Chips, Crisps and Fries The Problem with Potatoes

Level 1 Level 3
İngilizce Öğren LingoVivo News

The linguistic divide between the US, the UK, and other English-speaking countries extends even to the way people refer to potato snacks. In the US, ordering a burger with thin, long potatoes is as simple as asking for "fries" or "french fries." On the other side of the Atlantic, in the UK and Ireland, the equivalent request would be for a burger with "chips." It's interesting to note that while people in the UK understand the term "french fries," it is generally reserved for the slender, chopped potatoes found in fast-food establishments. The term "fries" would never be used for the thicker, fluffier English "chips."

Adding another layer to this linguistic maze, in the US and Canada, "chips" refer to the flat, cold, circle-shaped snacks commonly found in bags at grocery stores, known as "potato chips." However, in the UK, these are called "crisps." In Australia and New Zealand, the terminology takes a different turn: the thin fast-food potatoes are "fries," the thicker ones are "hot chips," and the cold potato chips in a bag are simply "chips." The humble potato snack, it seems, has its own complex language.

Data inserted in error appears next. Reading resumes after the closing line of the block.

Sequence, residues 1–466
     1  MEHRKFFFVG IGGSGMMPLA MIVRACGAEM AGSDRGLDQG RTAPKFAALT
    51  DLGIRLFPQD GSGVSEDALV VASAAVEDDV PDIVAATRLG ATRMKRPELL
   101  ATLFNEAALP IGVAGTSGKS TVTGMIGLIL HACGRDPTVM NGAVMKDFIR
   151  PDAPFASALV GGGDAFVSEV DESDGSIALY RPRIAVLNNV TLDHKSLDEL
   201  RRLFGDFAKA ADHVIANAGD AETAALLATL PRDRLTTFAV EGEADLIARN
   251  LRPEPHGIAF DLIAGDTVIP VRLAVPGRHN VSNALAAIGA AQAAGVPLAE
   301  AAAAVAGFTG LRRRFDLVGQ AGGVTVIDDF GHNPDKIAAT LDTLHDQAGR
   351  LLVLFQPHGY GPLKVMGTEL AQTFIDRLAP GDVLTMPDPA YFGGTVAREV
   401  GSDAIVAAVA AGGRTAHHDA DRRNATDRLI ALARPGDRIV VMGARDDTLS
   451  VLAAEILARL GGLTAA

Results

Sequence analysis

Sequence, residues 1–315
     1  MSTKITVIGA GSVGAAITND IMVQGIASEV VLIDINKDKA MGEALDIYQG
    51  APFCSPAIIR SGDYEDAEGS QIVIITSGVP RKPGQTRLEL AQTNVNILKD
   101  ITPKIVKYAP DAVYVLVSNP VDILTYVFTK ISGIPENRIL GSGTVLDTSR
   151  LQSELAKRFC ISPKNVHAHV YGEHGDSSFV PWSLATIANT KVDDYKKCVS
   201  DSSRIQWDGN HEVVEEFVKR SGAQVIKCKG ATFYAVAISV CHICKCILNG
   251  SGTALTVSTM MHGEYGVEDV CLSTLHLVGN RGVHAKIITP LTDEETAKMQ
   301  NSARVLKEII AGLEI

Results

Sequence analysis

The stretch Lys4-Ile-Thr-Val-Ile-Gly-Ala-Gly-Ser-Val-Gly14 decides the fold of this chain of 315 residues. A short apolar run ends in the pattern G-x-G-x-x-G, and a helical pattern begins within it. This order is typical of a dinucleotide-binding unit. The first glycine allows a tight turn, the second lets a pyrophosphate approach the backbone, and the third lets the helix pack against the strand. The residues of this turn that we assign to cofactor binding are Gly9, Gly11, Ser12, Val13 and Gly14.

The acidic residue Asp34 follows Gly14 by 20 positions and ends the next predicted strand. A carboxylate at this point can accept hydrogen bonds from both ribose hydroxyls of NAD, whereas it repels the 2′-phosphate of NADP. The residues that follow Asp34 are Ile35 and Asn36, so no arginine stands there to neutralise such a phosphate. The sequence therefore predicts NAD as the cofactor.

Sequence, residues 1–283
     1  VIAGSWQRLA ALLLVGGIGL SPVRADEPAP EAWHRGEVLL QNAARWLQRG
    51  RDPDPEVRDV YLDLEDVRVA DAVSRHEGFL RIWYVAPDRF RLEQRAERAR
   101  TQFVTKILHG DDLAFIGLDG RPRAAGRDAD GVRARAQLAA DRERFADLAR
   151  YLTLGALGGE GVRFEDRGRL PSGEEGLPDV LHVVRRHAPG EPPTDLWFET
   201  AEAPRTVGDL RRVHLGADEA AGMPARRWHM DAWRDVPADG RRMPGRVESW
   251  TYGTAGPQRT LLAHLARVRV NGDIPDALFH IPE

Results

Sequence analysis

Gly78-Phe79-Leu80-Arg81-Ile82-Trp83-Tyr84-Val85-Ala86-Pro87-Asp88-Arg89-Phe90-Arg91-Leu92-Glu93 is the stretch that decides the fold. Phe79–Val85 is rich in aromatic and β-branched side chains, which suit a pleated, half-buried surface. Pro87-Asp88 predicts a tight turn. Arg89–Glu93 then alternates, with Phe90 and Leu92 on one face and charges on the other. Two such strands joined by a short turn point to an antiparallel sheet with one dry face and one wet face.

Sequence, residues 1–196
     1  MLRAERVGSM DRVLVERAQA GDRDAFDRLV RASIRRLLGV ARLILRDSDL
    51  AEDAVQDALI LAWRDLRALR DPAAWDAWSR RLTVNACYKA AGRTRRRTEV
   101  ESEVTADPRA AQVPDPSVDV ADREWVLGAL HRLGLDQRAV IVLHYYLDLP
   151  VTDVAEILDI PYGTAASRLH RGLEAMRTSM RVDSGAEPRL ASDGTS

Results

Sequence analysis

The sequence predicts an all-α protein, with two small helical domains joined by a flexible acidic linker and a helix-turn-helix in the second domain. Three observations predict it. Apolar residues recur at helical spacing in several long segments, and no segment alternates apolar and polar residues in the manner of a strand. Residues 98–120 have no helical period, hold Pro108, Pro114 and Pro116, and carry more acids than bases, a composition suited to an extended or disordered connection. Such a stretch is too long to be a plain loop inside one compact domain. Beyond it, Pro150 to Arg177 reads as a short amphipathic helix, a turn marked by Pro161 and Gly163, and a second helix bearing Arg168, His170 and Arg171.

1- What is the equivalent term for "french fries" when ordering a burger with thin, long potatoes in the UK?

2- In the US and Canada, what do they call the flat, cold, circle-shaped snacks in a bag?

3- What is the term used in Australia and New Zealand for the thicker fast-food potatoes?


You have completed the comprehension questions. 

Parts of this lesson are based on: An article Engoo Daily News.